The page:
In October 1770 Wolfgang and his father returned to Milan for the completion and production of the new opera. The libretto, entitled Mitridate, Re di Ponto, was furnished by an obscure poet from Turin, to the great disappointment of the young maestro, who had hoped to set a drama by Metastasio. The progress of the work was interrupted from time to time by the miserable intrigues which seem inseparable from the lyric stage, exacerbated in this particular case by the jealousy of the resident professors, who refused to believe either that an Italian opera could be written by a native of Germany, or that a boy of fourteen could manage the orchestra of La Scala, at that time the largest in Europe. Fortunately the detractors were effectively silenced at the first full rehearsal; and on the 26th of December Wolfgang took his seat at the harpsichord and directed his work amidst a storm of genuine applause. The success of the piece was unprecedented. It had a continuous run of twenty nights, and delighted even the most captious critics.
Wolfgang's triumph was now complete. After playing with his usual success in Turin, Verona, Venice, Padua and other Italian cities, he returned with his father to Salzburg in March 1771, commissioned to compose a grand dramatic serenata for the approaching marriage of the archduke Ferdinand, and an opera for La Scala, to be performed during the season of 1773. The wedding took place at Milan on the 21st of October; and the serenata, Ascanio in Alba, was produced with an effect which completely eclipsed the new opera of Hasse, Ruggiero, composed for the same festivity. Hasse generously uttered the often-quoted prophecy, “This boy will cause us all to be forgotten.”
During the absence of Wolfgang and his father the good archbishop of Salzburg died; and in the spring of the year 1772 Hieronymus, count of Colioredo, was elected in his stead, to the horror of all who were acquainted with his real character. The Mozart family did their best to propitiate their new lord, for whose installation Wolfgang, after his return from Milan, composed an opera, Il Sogno di Scipione; but the newly-elected prelate had no taste for art, and was utterly incapable of appreciating the charm of any intellectual pursuit whatever. For a time, however, things went on smoothly. In October the father and son once more visited Milan for the preparation and production of the new opera, Lucio Silla, which was produced at Christmas with a success quite equal to that of Mitridate, and ran between twenty and thirty nights.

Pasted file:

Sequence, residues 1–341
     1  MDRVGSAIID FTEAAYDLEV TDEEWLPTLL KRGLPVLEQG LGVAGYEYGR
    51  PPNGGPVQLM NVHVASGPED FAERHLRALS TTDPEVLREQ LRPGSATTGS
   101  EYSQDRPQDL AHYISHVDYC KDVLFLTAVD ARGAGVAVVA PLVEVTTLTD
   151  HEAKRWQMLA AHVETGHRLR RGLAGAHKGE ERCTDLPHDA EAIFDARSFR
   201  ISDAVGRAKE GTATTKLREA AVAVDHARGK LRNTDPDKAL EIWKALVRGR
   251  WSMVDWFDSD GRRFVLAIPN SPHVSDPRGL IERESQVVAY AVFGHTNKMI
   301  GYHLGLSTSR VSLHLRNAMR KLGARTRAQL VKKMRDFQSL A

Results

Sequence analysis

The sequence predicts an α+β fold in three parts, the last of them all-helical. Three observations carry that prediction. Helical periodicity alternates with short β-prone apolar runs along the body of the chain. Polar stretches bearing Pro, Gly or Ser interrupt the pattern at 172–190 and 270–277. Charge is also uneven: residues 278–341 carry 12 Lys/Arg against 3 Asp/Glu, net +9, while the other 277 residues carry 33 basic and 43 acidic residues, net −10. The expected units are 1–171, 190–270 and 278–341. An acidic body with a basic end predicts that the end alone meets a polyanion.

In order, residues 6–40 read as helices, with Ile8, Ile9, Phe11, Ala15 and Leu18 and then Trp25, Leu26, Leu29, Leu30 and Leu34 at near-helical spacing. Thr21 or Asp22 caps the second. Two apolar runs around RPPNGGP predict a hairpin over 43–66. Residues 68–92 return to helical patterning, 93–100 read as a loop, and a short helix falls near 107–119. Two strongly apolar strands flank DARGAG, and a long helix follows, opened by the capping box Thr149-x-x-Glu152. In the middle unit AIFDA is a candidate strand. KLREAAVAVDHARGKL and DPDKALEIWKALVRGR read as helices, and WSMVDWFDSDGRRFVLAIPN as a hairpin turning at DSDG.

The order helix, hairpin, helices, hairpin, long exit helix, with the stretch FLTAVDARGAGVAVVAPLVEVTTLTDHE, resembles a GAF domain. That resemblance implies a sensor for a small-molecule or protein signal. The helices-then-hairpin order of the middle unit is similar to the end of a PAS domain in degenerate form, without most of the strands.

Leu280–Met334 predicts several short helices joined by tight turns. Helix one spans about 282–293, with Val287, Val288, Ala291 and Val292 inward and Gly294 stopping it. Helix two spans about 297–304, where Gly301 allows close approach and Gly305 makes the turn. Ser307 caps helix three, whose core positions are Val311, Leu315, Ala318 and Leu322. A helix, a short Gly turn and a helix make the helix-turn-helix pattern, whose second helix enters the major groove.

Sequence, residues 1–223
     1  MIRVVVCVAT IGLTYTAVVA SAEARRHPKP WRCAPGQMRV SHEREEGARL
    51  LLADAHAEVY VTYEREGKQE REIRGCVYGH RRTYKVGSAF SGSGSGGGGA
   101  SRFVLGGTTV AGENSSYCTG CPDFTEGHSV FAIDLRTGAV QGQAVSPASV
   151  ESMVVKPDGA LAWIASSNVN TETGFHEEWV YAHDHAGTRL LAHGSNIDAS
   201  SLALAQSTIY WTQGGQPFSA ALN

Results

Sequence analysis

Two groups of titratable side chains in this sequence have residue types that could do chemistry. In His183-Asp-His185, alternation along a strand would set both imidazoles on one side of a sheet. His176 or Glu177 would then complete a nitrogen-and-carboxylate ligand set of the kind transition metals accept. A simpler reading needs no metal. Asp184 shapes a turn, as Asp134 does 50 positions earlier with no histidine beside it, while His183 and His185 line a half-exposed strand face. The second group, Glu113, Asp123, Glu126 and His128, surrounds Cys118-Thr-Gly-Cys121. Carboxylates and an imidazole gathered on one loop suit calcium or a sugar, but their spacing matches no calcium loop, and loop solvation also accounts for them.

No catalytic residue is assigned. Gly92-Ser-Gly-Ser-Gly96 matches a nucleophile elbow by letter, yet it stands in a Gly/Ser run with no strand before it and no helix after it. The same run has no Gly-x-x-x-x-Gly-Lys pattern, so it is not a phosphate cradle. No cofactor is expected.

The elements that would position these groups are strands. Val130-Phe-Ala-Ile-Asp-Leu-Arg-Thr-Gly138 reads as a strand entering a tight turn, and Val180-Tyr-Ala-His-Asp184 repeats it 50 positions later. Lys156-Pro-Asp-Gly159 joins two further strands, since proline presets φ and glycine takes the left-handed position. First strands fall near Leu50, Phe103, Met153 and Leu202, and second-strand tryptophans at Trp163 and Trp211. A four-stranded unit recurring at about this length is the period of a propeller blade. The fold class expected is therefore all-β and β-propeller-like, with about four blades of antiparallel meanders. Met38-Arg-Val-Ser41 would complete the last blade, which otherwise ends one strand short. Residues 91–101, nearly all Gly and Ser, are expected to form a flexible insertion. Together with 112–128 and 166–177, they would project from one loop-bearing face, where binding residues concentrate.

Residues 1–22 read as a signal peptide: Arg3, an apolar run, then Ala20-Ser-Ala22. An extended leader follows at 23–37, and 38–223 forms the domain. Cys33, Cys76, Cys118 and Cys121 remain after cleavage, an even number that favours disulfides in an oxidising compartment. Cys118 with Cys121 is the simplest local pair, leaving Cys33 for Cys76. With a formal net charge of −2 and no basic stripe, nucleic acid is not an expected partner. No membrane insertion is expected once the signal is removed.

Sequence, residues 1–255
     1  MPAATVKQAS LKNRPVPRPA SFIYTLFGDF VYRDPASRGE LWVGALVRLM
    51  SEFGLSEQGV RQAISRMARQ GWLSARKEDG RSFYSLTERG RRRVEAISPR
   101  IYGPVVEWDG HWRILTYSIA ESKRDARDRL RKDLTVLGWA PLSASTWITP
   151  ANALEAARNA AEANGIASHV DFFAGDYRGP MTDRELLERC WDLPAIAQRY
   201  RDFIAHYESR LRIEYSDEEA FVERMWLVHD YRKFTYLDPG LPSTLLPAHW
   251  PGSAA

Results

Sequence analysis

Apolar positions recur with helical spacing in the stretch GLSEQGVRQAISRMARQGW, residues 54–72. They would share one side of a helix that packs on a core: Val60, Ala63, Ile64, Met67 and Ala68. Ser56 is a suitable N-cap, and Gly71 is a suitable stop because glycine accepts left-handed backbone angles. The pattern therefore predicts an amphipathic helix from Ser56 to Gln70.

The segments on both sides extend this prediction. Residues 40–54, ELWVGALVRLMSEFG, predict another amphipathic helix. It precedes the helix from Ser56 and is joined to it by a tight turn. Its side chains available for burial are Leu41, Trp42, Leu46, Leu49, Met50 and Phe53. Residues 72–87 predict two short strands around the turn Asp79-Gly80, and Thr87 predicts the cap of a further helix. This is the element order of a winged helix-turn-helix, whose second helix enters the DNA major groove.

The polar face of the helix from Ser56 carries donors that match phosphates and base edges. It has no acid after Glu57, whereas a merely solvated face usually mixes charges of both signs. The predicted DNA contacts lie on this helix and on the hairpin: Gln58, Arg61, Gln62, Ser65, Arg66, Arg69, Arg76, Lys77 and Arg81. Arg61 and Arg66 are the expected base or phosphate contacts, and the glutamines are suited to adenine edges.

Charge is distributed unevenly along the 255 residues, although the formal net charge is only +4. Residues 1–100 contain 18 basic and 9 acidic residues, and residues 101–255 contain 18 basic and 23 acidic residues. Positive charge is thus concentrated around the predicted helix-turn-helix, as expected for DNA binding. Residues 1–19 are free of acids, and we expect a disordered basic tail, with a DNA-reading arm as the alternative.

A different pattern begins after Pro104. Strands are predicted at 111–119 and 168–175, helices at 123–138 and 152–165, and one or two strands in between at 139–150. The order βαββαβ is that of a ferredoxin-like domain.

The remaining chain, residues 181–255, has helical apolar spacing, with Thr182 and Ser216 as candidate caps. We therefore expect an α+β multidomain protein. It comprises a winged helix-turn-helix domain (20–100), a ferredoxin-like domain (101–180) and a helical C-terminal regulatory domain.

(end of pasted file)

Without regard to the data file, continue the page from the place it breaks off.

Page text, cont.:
In the meantime Wolfgang continued to produce new works with incredible rapidity. In 1775 he composed an opera for Munich, La Finta giardiniera, produced on the 13th of January. In the following March he set to music Metastasio's dramatic cantata, Il Re pastore. Concertos, masses, symphonies, sonatas and other important works, both vocal and instrumental, followed each other without a pause. And this fertility of invention, instead of exhausting his genius, seemed only to stimulate it to still more indefatigable exertions. But the pecuniary return was so inconsiderable that in 1777 Leopold Mozart asked the archbishop for leave of absence for the purpose of making a professional tour. This was refused on the ground of the prelate's dislike to “that system of begging.” Wolfgang then requested permission to resign his appointment, which was only an honorary one, for the purpose of making the tour with his mother. The archbishop was furious; but the plan was carried out at last, and on the 23rd of September the mother and son started for Munich. The results were not encouraging. Leopold hoped that his son, now twenty-one years old, might obtain some profitable court appointment; but in this he was disappointed. And, worse still, poor Wolfgang fell in love at Mannheim with Aloysia Weber, a promising young vocalist, whose father, the prompter of the theatre (uncle of the great composer Weber), was very nearly penniless. On hearing of this Leopold ordered his wife and son to start instantly for Paris, where they arrived on the 23rd of March 1778. Wolfgang's usual success, however, seemed on this occasion to have deserted him. His reception was a cold one; and, to add to his misery, his mother fell seriously ill and died on the 3rd of July. Reduced almost to despair by this new trouble, he left Paris in September, rested for a while on his way home in Mannheim and Munich, was received by Aloysia Weber with coldness almost amounting to contempt, and in June 1779 returned to Salzburg, hoping against hope that he might make some better terms with the archbishop, who relented so far as to attach a salary of 500 florins (about £50) to his “concertmeister's” appointment, with leave of absence in case he should be engaged to write an opera elsewhere.
Two years later the desired opportunity presented itself. He was engaged to compose an opera for Munich for the carnival of 1781. The libretto was furnished by the abbate Varesco, court chaplain at Salzburg. On the 2gth of January 1781 the work was produced under the title of Idomeneo, re di Creta, with triumphant success, and thenceforth Mozart's position as an artist was assured; for this was not only the finest work he had ever written but incontestably the finest opera that had ever yet been placed upon the stage in any age or country.